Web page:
On This Day in Black History: June 24
Kingston, Jamaica was founded.
Pedro Camejo, known as El Negro Primero (Black First) because he was black and the first to enter battle, died at the Battle of Carabobo, which ultimately led to the independence of Venezuela.
African-Americans in Boston held the first of a series of meetings to protest against Jim Crow schools.
Former Mississippi congressman John Lynch was elected temporary chairman of the Republican convention, becoming the first African-American to preside over the affairs of a national political party.
Samuel David Ferguson was consecrated as bishop of the Episcopal Church. He was the first black person to be a bishop of the Episcopal Church in the U.S. and also the first black person to sit in the House of Bishops.
Booker T. Washington became the first African-American to receive an honorary Master of Arts degree from Harvard University.
Internationally renowned concert singer Portia White was born.
Sisseretta Jones, called the "first Negro prima donna," favourite of George Bernard Shaw and several presidents, died of cancer.
In 1933, the celebrated Apollo Theater opened in Harlem, New York City.
Mary McLeod Bethune was named Director of Negro Affairs in the National Youth Adminstration.
Zanzibar was granted internal self-government by Britain.
In Zaire, a new constitution submitted to popular referendum was approved by 98 percent of voters. It also marked the first time that women voted in Zaire.
Resurrection City was closed permanently by some 1,000 policemen using police dogs and tear gas grenades. Finally, 175 people were arrested, including Reverend Abernathy.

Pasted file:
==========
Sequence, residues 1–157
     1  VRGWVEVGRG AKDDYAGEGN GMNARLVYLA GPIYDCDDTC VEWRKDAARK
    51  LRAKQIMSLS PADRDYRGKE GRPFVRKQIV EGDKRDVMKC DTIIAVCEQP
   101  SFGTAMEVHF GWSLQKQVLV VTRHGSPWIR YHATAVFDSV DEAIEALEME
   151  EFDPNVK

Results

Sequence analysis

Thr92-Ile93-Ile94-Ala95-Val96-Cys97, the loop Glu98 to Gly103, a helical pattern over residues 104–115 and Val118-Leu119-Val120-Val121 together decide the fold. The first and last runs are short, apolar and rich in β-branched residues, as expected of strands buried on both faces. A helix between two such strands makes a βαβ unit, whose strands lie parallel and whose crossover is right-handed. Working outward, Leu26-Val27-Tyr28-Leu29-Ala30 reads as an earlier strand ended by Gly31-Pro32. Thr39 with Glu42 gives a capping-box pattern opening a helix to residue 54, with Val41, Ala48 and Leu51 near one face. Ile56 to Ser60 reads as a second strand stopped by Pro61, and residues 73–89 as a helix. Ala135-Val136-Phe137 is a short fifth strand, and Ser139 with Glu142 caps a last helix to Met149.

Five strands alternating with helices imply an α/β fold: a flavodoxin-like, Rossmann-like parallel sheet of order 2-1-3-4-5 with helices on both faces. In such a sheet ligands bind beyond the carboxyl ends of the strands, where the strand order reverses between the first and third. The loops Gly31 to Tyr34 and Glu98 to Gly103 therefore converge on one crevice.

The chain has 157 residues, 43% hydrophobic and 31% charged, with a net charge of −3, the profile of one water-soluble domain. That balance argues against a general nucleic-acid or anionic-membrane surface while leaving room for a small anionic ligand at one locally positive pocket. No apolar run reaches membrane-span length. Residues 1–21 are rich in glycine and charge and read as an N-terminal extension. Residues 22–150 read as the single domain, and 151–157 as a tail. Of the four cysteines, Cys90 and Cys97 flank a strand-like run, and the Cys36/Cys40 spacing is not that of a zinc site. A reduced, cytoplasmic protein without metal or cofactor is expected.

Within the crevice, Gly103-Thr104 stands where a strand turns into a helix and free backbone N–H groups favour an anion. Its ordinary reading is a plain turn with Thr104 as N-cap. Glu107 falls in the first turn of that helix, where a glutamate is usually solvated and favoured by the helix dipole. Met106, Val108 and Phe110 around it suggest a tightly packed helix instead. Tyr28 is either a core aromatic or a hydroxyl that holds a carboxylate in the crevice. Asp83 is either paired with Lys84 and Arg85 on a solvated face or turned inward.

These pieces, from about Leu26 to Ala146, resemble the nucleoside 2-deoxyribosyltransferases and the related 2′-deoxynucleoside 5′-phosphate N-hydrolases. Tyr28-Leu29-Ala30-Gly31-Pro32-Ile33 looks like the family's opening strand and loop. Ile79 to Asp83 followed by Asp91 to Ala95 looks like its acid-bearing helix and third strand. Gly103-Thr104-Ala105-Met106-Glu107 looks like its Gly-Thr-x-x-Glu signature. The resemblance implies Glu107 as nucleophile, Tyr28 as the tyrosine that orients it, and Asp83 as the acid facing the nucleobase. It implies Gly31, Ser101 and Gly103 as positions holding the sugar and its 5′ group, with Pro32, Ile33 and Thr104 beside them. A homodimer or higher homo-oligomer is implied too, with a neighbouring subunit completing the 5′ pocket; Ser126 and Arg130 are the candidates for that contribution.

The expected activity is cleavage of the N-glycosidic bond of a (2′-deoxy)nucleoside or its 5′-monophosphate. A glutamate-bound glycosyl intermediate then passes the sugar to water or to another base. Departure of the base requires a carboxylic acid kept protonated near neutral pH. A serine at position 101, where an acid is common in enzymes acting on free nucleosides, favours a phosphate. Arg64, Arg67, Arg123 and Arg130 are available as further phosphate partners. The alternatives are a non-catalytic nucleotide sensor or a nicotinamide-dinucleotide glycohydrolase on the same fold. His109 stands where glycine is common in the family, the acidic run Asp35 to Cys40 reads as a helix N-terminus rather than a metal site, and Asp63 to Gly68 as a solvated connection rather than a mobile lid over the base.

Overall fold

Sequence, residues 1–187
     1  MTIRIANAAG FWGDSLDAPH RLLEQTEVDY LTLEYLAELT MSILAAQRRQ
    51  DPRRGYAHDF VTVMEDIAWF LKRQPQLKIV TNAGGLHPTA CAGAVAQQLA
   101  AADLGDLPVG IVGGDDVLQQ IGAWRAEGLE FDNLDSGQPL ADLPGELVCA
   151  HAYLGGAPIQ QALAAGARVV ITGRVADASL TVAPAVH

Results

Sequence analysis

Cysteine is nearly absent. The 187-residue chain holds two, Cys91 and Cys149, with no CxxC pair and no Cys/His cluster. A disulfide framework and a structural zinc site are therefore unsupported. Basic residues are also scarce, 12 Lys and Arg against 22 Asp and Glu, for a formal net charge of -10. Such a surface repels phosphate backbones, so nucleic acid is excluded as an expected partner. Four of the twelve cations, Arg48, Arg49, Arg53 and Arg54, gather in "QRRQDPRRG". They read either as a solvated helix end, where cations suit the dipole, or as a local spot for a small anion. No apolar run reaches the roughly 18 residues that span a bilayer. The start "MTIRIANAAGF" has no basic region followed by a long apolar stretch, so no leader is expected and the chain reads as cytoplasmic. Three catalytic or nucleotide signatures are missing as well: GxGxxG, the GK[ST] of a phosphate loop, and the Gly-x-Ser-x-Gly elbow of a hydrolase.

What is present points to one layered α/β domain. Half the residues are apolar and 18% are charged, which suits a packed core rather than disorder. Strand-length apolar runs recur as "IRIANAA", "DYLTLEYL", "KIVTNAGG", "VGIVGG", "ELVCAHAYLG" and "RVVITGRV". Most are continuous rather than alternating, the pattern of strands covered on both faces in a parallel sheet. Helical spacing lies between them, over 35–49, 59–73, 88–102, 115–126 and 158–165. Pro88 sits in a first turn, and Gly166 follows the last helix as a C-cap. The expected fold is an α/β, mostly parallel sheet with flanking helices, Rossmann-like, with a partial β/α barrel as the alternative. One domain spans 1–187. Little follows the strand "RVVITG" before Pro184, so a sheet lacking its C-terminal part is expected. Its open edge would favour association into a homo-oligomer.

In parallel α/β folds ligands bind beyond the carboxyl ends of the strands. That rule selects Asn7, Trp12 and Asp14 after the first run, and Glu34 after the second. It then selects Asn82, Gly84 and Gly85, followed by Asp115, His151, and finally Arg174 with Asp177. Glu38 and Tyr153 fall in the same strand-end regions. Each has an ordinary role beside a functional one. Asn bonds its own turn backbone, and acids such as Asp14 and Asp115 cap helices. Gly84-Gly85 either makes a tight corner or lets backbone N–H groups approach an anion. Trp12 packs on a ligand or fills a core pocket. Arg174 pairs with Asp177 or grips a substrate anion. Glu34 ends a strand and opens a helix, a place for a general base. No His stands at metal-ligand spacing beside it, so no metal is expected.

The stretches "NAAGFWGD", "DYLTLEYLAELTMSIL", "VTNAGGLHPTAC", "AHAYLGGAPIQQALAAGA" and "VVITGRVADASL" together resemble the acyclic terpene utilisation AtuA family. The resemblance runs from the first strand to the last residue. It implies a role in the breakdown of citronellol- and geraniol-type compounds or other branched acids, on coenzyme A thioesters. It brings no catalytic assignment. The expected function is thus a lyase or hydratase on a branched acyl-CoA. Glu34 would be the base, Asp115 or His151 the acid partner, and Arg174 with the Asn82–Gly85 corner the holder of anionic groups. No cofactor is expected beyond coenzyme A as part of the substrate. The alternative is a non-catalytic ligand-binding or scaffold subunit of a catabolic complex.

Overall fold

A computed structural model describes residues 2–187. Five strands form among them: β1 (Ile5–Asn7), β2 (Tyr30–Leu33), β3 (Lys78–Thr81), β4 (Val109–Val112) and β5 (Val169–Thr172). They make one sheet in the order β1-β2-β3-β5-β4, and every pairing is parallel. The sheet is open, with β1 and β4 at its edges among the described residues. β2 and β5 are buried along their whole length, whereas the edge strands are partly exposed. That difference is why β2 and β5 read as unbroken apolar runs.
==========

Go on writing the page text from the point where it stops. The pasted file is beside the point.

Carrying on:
The rules committee of the Democratic National Convention approved the nomination of Yvonne Brathwaite Burke as co-chairperson of the convention.
Today's Featured Page
James Weldon Johnson observed that Sissieretta Jones possessed "the natural voice, the physical figure, the grand air and the engaging personality," characteristic of a great singer." More...
Previously Featured Pages
Born Augusta Fells in 1892 in Green Cove Springs, Florida, Augusta Savage was one of the luminaries of the Harlem Renaissance. More...
Octavia E. Butler
Born in 1947 in Pasadena, California, Octavia E. Butler is the first published African-American female science fiction writer. She is widely recognized and critically acclaimed, while introducing the African-American and feminist perspective into the genre. More...
Marie-Joseph Angélique was a slave owned by François Poulin of Montreal in the early 1730s. Being in her sexual prime, she was expected to breed with male slaves as well as provide sexual services to her master. Angélique had other plans. More...
Adam Clayton Powell, Jr.
Adam Clayton Powell Jr., born November 29, 1908 in Connecticut and educated in New York, became one of the "new breed" of religious leaders—a fighting radical identifying himself with the "marching blacks". More...
On November 23, 1897 Andrew Beard obtained a patent for his railroad car coupler—the "Jenny Coupler." The device, improved in 1899, was the precursor of today's linking mechanism. More...
Today, Lewis Temple is presented as one of New Bedford's most ingenious citizens. In 1987, a life-size statue of Lewis Temple was erected on the lawn of the New Bedford Free Public Library. More...
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